How vet nurses can sharpen up their CV

You’ve found the veterinary role of your dreams and can’t wait to roll your sleeves up and get started – but how do you convince the employer you should make the cut? Based on years of first-hand experience in veterinary recruitment, our team of experts have collated some top tips on how to sharpen your CV below. 

Make it look good

A clearly formatted CV is always the first step to success when it comes to impressing prospective employers. Make sure your experience is listed in reverse chronological order so your latest achievements are at the top. Use subheadings to structure your CV (e.g. summary, experience, education, skills) so that it is easy to follow. 

What to include in your personal statement

Showcase your passion for the position you’re applying for by including positive adjectives in your personal statement such as “dedicated”, “caring” and “resilient”. Always had a love for animals? Have a pet of your own at home? Demonstrating that you understand how important pets are on a personal level could help boost your chances of being hired. The employer will want someone personable who is going to approach the role with drive and a genuine desire to help animals in need.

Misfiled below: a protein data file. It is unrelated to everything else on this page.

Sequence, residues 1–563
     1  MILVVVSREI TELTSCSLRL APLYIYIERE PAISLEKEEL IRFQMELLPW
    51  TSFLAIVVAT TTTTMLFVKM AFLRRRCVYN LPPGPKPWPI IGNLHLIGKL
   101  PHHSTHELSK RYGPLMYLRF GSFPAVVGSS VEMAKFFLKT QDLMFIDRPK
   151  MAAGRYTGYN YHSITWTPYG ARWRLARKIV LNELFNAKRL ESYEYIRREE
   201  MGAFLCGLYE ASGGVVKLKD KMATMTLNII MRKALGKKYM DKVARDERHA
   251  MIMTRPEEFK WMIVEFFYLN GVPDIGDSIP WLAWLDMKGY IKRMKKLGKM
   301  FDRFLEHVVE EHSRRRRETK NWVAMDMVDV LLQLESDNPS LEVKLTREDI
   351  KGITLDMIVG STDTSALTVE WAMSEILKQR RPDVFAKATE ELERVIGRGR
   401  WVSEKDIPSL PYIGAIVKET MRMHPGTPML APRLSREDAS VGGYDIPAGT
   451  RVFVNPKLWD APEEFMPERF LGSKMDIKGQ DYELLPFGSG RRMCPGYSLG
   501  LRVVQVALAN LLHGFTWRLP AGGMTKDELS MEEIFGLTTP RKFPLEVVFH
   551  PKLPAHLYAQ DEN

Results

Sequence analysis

Keywords

Mirror keywords used in the job description to highlight relevant experience. Not only will the recruiter be looking to see if there is a skill match but there is also a chance your CV will undergo an automated screening process which will move your application into the ‘yes’ pile if it recognises the right skills. This works in a similar way to SEO, so make sure you do your research and look for words used in frequent conjunction with ‘veterinary nurse’. There are plenty of free online tools that can help you with this, including CVScan, Resume Worded and Jobscan.

Desires skills

  • Clear communication skills 
  • Practical experience 
  • Problem-solving
  • General admin 
  • Experience using medical machinery
  • In-depth knowledge of procedural practices 
  • Empathy 
  • Excellent interpersonal skills
  • Clear communication 

Education 

We assume if you’re reading this article, you’ve already completed the qualifications to become a veterinary nurse and got the t-shirt. Here’s a quick reminder of the routes to entry: 


There are pros and cons to each course, so do your research before making a decision. While the vocational path is faster, those who want the university experience may prefer to complete a degree. 

*Make sure to note down your educational background on your CV, including relevant work experience/placements in the sector!

 

Final advice? 

Veterinary nursing is a high-skilled job that requires dedication and a genuine concern for animal welfare. We know you’ve worked hard to get where you are today, so make sure you emphasise that work-ethic on your CV, as well as your passion for pets!

Now your CV is looking sharp, why not browse our veterinary nurse roles here?